‘Dear’ sets off like an electric razor running out of battery on your cheek, leaving half a beard and tremors in your bone. The Japanese power trio’s latest LP skims from the avant-garde to straight-down-the-line stoner/doom rock – sometimes in the same song. The less conventional moments are the most appealing, alongside gratefully-received seconds free of arch-sincere anthemic emotional metal singing.
‘DEADSONG’ best sums up the album’s troubling dynamic, a deranged soundscape that turns into a significantly less interesting whine-along. Similarly, ‘Kegero’ begins with pedal growls and pulses as the guitar is subjugated to the will of delay and distortion, but, unfortunately, turns into something much less haphazard or nefarious.
At the other end of the spectrum lies ‘Absolutego.’ It’s stoner-rock by numbers, the kind of track that could have had a grainy video and earned heavy rotation on late-1990s/early-2000s MTV2. To some that will sound appealing, but it’s a little prosaic to my ears. Indeed, only so much squealing sustain on your solo is strictly necessary before entering the dreams of bitter music shop worker with Ibanez ‘axes.’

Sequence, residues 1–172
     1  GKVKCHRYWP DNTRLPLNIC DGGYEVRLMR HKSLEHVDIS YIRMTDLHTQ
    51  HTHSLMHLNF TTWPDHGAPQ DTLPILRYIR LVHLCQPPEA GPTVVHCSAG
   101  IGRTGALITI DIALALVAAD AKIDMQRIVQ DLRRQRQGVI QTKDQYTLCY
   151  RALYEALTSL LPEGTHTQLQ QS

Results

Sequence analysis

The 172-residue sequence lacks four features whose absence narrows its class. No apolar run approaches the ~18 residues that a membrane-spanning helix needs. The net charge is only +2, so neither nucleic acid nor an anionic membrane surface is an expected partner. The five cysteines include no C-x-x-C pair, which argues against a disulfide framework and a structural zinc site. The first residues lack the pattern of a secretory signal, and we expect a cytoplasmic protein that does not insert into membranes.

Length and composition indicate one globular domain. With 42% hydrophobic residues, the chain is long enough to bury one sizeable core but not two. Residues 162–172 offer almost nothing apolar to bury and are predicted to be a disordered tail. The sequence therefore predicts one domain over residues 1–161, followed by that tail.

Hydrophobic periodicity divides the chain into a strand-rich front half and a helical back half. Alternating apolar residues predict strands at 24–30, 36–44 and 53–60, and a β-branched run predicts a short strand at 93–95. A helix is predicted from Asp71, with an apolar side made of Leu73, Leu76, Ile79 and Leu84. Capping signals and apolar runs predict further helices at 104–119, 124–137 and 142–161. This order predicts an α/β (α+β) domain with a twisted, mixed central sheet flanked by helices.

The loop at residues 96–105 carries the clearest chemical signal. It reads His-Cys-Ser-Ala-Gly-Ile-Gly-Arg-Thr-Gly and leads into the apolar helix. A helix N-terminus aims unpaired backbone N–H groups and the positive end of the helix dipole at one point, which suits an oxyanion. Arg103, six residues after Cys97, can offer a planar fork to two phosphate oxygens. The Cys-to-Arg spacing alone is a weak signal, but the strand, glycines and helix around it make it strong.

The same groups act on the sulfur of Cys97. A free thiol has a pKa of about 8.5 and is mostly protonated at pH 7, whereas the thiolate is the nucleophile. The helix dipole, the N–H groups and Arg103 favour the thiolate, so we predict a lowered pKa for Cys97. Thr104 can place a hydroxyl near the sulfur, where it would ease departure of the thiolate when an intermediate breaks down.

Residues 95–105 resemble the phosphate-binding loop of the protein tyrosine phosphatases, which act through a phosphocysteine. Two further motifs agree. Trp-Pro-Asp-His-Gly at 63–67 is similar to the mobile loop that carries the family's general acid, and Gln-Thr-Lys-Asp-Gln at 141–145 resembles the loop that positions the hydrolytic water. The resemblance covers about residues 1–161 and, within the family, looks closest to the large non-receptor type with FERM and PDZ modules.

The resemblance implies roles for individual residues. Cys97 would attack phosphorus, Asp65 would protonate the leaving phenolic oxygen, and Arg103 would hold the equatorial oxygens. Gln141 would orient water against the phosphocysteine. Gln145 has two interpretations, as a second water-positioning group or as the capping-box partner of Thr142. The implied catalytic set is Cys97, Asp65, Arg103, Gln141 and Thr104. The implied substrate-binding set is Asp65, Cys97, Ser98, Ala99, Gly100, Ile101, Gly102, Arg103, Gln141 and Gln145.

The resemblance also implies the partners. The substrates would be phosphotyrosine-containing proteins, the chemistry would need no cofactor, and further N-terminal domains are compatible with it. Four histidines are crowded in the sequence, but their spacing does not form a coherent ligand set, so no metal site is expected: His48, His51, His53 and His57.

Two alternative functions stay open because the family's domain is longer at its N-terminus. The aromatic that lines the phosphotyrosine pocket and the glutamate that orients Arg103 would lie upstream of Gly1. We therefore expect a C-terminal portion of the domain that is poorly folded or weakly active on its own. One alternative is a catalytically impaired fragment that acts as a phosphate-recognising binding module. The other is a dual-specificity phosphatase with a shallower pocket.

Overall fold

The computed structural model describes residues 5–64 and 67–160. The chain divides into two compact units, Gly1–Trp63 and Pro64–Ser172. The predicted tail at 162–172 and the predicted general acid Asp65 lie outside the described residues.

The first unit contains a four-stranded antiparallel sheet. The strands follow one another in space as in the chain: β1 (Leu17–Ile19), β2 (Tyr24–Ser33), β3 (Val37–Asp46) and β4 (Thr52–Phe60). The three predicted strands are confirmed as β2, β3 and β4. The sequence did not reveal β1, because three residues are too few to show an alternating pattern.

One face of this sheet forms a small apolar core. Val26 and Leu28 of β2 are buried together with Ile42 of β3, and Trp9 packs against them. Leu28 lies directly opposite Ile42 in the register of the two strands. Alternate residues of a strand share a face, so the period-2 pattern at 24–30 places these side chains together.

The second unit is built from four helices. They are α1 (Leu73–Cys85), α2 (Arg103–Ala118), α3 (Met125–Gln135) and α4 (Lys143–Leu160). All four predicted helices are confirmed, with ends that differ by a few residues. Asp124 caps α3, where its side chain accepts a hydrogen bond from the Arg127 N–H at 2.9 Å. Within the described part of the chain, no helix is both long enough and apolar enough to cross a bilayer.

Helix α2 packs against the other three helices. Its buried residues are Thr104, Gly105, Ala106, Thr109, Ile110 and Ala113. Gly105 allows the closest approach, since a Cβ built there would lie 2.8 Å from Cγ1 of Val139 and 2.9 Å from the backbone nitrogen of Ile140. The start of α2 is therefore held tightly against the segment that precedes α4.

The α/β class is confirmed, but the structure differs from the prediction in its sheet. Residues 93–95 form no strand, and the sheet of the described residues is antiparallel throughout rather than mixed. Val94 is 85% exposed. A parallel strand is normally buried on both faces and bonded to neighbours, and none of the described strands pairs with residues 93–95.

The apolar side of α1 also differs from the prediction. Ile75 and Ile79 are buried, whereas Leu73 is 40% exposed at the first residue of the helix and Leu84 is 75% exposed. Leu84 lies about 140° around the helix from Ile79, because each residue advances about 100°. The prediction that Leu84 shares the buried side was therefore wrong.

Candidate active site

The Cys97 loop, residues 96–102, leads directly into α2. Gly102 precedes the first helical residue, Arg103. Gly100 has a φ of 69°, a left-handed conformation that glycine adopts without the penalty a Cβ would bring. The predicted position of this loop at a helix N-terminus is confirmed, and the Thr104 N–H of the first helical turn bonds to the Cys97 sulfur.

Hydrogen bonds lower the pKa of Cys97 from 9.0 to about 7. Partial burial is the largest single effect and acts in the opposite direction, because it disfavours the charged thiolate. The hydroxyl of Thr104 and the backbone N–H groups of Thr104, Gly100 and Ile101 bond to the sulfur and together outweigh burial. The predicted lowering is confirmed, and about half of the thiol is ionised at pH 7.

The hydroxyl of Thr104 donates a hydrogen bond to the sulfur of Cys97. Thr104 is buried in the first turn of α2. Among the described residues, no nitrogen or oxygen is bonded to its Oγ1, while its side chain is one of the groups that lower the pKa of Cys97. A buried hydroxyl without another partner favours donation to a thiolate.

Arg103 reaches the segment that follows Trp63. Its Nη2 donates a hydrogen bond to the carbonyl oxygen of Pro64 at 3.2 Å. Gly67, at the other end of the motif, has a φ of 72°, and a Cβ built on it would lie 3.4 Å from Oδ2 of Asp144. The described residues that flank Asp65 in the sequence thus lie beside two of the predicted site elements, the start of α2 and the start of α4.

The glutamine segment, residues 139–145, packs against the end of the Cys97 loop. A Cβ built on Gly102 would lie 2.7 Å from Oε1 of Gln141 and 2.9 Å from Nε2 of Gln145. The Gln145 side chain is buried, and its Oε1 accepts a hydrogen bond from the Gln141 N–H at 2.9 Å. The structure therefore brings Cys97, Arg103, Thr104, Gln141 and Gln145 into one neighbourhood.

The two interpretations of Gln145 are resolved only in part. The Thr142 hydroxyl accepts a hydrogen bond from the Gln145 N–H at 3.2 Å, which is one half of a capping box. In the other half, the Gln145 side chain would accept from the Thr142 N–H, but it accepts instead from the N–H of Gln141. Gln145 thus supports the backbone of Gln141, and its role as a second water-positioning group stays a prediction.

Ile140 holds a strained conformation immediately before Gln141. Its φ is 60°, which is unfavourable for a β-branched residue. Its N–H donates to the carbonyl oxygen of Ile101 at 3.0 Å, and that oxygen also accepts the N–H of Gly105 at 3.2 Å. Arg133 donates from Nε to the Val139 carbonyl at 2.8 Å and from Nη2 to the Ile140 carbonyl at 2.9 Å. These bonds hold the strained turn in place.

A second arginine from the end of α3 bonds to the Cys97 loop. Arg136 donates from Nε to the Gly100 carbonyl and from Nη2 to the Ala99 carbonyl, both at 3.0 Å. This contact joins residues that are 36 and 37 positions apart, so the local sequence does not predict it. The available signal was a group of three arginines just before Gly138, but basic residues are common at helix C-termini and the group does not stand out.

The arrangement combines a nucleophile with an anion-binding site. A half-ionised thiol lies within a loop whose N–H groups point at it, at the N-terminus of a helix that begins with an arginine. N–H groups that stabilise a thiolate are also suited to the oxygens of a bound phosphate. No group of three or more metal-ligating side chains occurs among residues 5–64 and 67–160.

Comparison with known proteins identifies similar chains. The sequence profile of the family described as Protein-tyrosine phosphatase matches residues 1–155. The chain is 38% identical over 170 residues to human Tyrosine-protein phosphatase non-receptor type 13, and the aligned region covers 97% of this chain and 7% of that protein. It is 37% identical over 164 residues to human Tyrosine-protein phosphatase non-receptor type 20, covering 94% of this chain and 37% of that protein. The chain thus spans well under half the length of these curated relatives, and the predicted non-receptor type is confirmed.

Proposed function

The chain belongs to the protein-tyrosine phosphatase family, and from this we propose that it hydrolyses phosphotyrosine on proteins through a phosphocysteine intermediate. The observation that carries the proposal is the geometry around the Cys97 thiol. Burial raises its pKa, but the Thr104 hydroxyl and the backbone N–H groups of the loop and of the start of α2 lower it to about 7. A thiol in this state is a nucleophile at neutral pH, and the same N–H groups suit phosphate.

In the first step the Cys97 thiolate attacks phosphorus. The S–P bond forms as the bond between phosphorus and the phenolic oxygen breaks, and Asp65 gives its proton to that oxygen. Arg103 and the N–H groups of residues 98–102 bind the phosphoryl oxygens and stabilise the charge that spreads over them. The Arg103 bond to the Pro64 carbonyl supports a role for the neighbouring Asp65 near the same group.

Then guess what comes next? An end/punctuate sustain squeal with Sabbath chord progressions. If you play the song three times in front of a mirror, a man in a black T-shirt will appear and try to sell your younger cousin a Squire Strat, amp, lead and strap package.
The best songs here are weirder. ‘Beyond’ is delicate and creepy. It zones out into some scrubbing and scratching and swells into one of the more interesting crescendos that the album has to offer.
‘Dear’ excels in gurgles and squelches but the more standard use of guitars is grating – overly serious and not exciting. Twenty three albums in, yes, a real lasting achievement, but I don’t think that it will end up being Boris fans’ first choice listen.